Losing Passion/Overwhelmed?

I wish I could reply to each of you individually, but that would mean repeating myself quite a bit.

Once again, I really appreciate every single one of you for the taking the time to give advice, and even share your own personal experiences. It means the world to me!

Today I sent my favorite male, the hatchling I raised up and kept, to his new home. I didn’t want him to go first but when I put the ad up this morning (after taking an hour of waffling to hit the “post” button) these people inquired, seemed lovely, and had obviously done their research.
I was anxious, but the looks on their faces when they saw him put me at ease as they were thrilled!

One down, five to go. That’s including the babies. I’ll see how I feel once all the boys are settled into new homes. I’m hoping that by then, I am able to fully enjoy my remaining geckos without downsizing further but I will be keeping an open mind towards that.


Good for you, @nubs! And good for the male you rehomed and his new people as well. It’s a hard thing and a brave thing which you’ve done. I do understand the trepidation and the hesitation. A few years ago I had to pull way back and downsize my breeding operation due to health issues . It was sooooo haaarrrd. Doing it was the right thing, though. After time and healing, I was thankfully able to start growing the collection again. It’s a very mindful process, but it’s both manageable and enjoyable. I hope that you’ll get to a place with your animals after you’ve rehomed the males where you’re enjoying them fully once again.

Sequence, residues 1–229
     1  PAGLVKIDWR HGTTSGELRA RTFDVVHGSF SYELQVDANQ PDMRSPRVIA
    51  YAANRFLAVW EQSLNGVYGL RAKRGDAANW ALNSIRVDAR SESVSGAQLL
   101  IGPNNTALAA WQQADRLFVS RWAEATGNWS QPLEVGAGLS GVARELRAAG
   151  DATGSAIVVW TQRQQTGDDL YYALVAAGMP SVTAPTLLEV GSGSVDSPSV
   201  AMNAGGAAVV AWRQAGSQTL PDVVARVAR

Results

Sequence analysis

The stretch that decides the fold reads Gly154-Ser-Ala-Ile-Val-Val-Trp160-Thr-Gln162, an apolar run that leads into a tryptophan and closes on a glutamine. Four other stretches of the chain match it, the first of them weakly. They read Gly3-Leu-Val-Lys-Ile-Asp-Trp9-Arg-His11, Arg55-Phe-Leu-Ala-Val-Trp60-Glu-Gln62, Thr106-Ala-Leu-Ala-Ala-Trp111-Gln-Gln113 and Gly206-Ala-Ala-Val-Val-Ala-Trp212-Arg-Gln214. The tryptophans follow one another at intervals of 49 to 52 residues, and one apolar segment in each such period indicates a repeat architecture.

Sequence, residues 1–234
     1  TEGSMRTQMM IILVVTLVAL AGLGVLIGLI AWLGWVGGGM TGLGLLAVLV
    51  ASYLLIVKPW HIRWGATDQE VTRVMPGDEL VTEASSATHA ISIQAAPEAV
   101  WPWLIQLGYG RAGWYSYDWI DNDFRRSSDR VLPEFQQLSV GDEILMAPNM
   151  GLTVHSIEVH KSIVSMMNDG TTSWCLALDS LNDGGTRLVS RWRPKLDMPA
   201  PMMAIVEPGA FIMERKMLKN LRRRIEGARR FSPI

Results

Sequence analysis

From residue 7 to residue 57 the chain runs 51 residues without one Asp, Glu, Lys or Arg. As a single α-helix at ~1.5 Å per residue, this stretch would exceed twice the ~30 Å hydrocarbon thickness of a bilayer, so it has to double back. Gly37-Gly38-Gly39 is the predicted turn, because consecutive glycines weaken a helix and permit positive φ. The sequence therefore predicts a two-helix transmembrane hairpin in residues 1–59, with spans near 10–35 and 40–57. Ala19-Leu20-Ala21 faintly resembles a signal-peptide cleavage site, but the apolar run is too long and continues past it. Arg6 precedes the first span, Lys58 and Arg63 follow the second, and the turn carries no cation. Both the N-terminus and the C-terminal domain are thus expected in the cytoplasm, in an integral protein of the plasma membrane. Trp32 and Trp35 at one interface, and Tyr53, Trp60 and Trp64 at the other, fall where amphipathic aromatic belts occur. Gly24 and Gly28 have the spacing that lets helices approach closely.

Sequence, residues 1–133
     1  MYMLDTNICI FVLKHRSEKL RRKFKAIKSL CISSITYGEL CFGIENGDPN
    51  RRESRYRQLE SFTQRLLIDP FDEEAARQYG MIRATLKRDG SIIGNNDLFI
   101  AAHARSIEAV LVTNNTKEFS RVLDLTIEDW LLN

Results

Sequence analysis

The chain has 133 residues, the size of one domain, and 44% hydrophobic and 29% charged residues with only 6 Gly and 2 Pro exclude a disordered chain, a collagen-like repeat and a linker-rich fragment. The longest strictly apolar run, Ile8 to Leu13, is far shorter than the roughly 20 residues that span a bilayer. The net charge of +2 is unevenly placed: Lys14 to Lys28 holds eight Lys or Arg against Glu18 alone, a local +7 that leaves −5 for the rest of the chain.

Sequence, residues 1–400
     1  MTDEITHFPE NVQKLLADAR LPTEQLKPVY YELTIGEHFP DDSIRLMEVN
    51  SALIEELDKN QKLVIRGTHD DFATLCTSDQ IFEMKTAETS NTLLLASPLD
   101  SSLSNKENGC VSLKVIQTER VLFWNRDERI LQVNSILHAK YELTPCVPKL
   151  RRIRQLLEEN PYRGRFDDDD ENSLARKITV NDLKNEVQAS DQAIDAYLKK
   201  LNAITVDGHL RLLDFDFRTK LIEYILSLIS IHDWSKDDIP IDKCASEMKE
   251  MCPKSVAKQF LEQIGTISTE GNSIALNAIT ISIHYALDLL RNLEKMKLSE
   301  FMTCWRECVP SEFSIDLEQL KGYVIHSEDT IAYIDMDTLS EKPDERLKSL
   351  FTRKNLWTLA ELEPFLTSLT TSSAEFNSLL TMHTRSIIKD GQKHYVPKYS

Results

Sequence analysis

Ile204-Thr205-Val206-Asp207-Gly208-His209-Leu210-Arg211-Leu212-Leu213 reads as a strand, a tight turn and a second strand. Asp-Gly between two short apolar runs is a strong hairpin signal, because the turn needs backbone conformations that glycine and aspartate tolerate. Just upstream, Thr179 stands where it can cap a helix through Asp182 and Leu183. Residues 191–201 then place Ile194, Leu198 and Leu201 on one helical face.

I have posted on this before but I will repeat it here

The extremely dark side of this hobby/industry/community is the insidious message that is pushed on people that you have to be a breeder to be legitimate.

This is pure and unadulterated bovine excrement!!

There is nothing for you to feel embarrassed about. Anyone that tells you otherwise can pound sand. Period. End of discussion.
There is absolutely no shame in being a keeper and not a breeder. I purchased my first “real” snake when I was 14 (not counting all the garters and fence lizards and toads and salamanders I have been catching and keeping since the age of 5). He was my only herp for fifteen years. And once I started picking up more, none of them were animals I picked up for breeding. I had been a keeper for more than two decades before I ever started breeding. My intentional breeding right now is less about making money or five minutes of herp world fame and more about my personal mad scientist tendencies (I have wholesaled or traded at a loss more animals than I have ever sold). More than half of what I keep is for the keeper side of me (and if those species happen to breed I consider it a bonus more than anything because they are all species that are very under-represented in the hobby)